Director: Guy Hamilton
Genre(s): Action, Adventure, Thriller, War
Runtime: 118 minutes (standard version), 126 minutes (restored version)
MPAA Rating: PG
Seventeen years after the release of the World War II action-adventure masterwork The Guns of Navarone (1961), a sequel to it was sent to theaters. Don’t get your hopes up too much, though, as it’s nothing to write home about. Shortly after the special forces mission in the first film, Mallory (Robert Shaw, played by Gregory Peck in the original) and Miller (Edward Fox, played by David Niven in the original) are assigned to a new Allied commando team to go on a raid into Nazi-occupied Yugoslavia during the Second World War. It’s not terrible, but should it have been made in the first place?
Let’s start with the positives, shall we? The musical score by Ron Goodwin is pretty good, and the cast is pretty starry. I mean, in addition to the aforementioned Robert Shaw and Edward Fox, we’ve got Harrison Ford (as Barnsby), Carl Weathers (as Weaver), Franco Nero (as Lescovar), Barbara Bach (as Maritza), Richard Kiel (as Drazak), and Michael Byrne (as Schroeder). There’s plenty of action scenes, although none of them rise to the level of outstanding.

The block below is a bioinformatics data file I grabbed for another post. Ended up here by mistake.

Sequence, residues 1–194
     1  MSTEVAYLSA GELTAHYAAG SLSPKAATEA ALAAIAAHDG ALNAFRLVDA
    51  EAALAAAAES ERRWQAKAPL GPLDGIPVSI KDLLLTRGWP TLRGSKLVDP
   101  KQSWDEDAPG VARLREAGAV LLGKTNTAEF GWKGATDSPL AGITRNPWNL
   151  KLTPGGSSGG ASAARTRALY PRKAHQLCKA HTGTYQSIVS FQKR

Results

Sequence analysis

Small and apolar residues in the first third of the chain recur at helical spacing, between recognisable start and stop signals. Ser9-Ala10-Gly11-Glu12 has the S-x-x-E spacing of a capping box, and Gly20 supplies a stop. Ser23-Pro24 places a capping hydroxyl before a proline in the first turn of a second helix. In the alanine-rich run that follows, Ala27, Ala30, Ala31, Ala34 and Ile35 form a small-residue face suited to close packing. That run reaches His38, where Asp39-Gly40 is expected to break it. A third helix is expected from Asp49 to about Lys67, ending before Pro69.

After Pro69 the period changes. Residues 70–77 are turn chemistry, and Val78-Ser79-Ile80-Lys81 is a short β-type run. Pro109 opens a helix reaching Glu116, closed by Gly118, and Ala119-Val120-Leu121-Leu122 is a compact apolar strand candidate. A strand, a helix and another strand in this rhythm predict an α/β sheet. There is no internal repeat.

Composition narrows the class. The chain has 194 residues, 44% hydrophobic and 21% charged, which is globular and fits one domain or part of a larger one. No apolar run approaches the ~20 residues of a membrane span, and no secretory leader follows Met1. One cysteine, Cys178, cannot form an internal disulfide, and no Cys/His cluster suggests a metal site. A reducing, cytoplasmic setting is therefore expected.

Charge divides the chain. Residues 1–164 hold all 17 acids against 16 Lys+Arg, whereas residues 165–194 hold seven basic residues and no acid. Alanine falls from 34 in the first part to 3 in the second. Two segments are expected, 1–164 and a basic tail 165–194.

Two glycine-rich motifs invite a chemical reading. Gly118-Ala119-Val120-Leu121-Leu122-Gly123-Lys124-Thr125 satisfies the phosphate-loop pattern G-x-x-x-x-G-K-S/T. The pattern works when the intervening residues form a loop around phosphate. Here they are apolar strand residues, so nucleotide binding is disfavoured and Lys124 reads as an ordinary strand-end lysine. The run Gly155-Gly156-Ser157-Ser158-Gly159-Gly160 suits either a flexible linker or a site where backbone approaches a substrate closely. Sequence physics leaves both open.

The mission that the commandos are sent on here is a bit less clear for a notable portion of the movie than it is in The Guns of Navarone. In that picture, the objective was simple to describe: blow up the Nazi cannons. Here, I feel like I can’t really go into detail without delving into spoiler territory. Also, the initial special forces team seems a bit large, with some of them not even being given names (the end credits have four dudes listed simply as “Force Ten Team”). This is a far cry from the original, where all the heroes were given ample screentime to flesh out their characters. Force 10 from Navarone also sheds much of the moral complexity of the original in favor of standard war flick “thrills.”
It’s not a trainwreck, but this sequel can’t live up to the original. The truth is that it’s just not that exciting or dramatically involving. It had some potential (just think of the cast listed above in one movie together!), but, at the end of the day, it’s a pretty typical entry into the men-on-a-mission subgenre. It’s watchable as a stand-alone action-thriller…just don’t compare it to the immortal The Guns of Navarone.
My rating is 6 outta 10.